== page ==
Ron Rice invented Hawaiian Tropic. He proved that you could be a lifeguard forever. I once had the pleasure of interviewing Rice. I asked him for the secret to a successful life. He said, “Mike, I’ll tell you something no one else will tell you. Go where you want to be. Then find a way to make a living so you can stay there in the style you would like.”

Bob Parsons created He showed the way for making a living in the Wild, Wild West of the 21st Century, the Internet.

Who is your role model? We all need’em. Except for the statue folks.

It’s 4 pm on a beautiful fall Friday in Chapel Hill and I’m listening to Buffett right now. I can hear something cold and wet calling my name (no, it’s not a dog’s nose). Have a great weekend.

Thursday, October 22, 2009

Keepin' LIfe In Front of You

Yesterday I bought a medium-sized (24”x36”), cork bulletin board. I put it on the wall in front of my desk. I’m using it to post notes and information that I need to keep in front of me. Over time I found that, considering the schedule and life I have, there are a variety of responsibilities, tasks, issues, and ideas that I want to be reminded of and I needed a better system.

It’s easy to fall into work and life habits that, over time, lose their effectiveness. The key to being successful over the long term is to continue to try new ideas.

Check your life for these three areas and see if a new system, a new habit, might help:
1. How do you see time? What type of calendar system, idea generation system, and tickler file do you use?
2. How do you build fitness and health into your day? Remember ELMO! Every Little MOvement. If you are going up in a building less than four floors take the stairs. Stop at every water fountain you see and take three swallows of water.
3. How do you connect with whatever the Divine Reality might be? Make a point each day to stop for 1 minute and appreciate the beauty of life around you and the fact that you are maintaining a heartbeat and steady respiration.

You get to pick other areas that are important to you. The above are three simple ones that, if you pay attention to them, will improve your life.

Finally, my Tar Heels are on national television tonight playing Florida State on ESPN. If you don’t have a dog in the hunt pull of the guys in light blue.

Go Heels!

Wednesday, October 21, 2009

The Right Direction

I read a wonderful Buddhist saying last night: When you are faced in the right direction you only need to keep walking.

Wonderful advice!

As long as you believe it's the right direction, step out.

Tuesday, October 20, 2009

Kickin' a Pig

One of my favorite movies is Lonesome Dove starring Robert Duvall and Tommy Lee Jones as former Texas Rangers Augustus (Gus) McRae and Woodrow Call. If you haven’t seen it (and you should, multiple times) you have to know that the movie is one of the greatest buddy flicks of all time; it includes multiple love stories; and is the most outstanding statement on honor and commitment to be shown on television in the last 40 years.

Here’s the synopsis: In order to make their fortunes—and to please Gus, who is the only one who understands that men need adventures and worlds to conquer—the two are going to move a herd of cattle from Texas to Montana. Along the way they encounter all kinds of adventures; good, bad and terrible.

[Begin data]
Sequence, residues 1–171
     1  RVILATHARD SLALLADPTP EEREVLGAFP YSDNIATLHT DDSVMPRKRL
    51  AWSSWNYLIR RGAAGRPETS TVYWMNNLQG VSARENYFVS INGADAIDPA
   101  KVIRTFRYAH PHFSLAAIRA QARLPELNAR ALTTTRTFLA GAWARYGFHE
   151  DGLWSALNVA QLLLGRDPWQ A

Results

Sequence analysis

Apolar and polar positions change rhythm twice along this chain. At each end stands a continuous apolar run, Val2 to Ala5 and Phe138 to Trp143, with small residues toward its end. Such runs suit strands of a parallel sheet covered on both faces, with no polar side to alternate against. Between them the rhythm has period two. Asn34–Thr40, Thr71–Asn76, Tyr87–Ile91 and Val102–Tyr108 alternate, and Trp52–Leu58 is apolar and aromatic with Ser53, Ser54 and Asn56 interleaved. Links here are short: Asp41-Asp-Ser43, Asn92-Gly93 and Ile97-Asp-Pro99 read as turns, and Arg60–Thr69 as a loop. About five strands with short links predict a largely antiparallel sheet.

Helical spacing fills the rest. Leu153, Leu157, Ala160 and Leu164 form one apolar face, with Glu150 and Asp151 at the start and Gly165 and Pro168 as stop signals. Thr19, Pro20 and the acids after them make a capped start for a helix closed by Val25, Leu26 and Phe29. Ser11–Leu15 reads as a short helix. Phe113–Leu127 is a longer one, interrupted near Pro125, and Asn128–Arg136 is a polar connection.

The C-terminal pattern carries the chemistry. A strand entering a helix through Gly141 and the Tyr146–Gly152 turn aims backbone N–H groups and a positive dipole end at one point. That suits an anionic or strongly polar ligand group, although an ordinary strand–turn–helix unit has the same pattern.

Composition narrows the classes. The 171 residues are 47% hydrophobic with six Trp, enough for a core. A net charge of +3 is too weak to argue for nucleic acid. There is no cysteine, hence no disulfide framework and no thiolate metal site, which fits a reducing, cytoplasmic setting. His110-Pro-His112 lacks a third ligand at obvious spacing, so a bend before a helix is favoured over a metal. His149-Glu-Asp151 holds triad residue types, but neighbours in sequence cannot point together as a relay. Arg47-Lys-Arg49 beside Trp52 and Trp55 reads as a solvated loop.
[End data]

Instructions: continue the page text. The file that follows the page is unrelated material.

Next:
Gus catches an arrow in the leg fighting off Indians and as his leg festers he is told by the doctor that if he does not have his leg amputated he will die. He obstinately refuses the operation.

The following exchange occurs as Gus lies in bed:
Woodrow Call: What do you want legs for anyway? You don't like to do nothing but sit on the porch and drink whiskey!
Gus McCrae: I like to kick a pig every once in a while. How would I do that?

Knowing the basic things you need—and why—to have the life you want is the first step to having the life you want.

‘Cause there’s hardly ever a pig around when you need one.

Monday, October 19, 2009

A Sliver of Blue Sky

In the current issue of The New Yorker magazine writer Malcolm Gladwell (Blink, Outliers) writes about the connection between dogfighting and the NFL. NOW, DON’T CLICK OFF JUST YET…WAIT FOR THE POINT!

Gladwell notes research that an increasing number of NFL alums suffer from dementia of a special type. It looks like Alzheimer’s, but isn’t. The condition isn’t a neurological problem, its source is external. It comes from the repeated trauma of getting hit in the helmet. Linemen seem to suffer more than backs and receivers. Every little hit seems to have a cumulative effect that sets these guys up to suffer from this debilitating condition. The UNC-Chapel Hill football program is providing research right now.

Life is like that. Every little ding, each emotional slap, all the negative hits you take tend to mount up. I believe the hits we take go a long way in determining whether we have a positive/optimistic outlook on life or a negative/pessimistic view of the future. Unless you’re careful it’s easy to let all that stuff take the joy out of life and put you in a hole so deep that it sometimes seems impossible to dig your way out.

The key is to understand that you make the choice whether or not to dig yourself out. You can stay in the hole and look up and see a sliver of blue sky. Or, you can start chipping footholds on the hole wall and little by little climb out.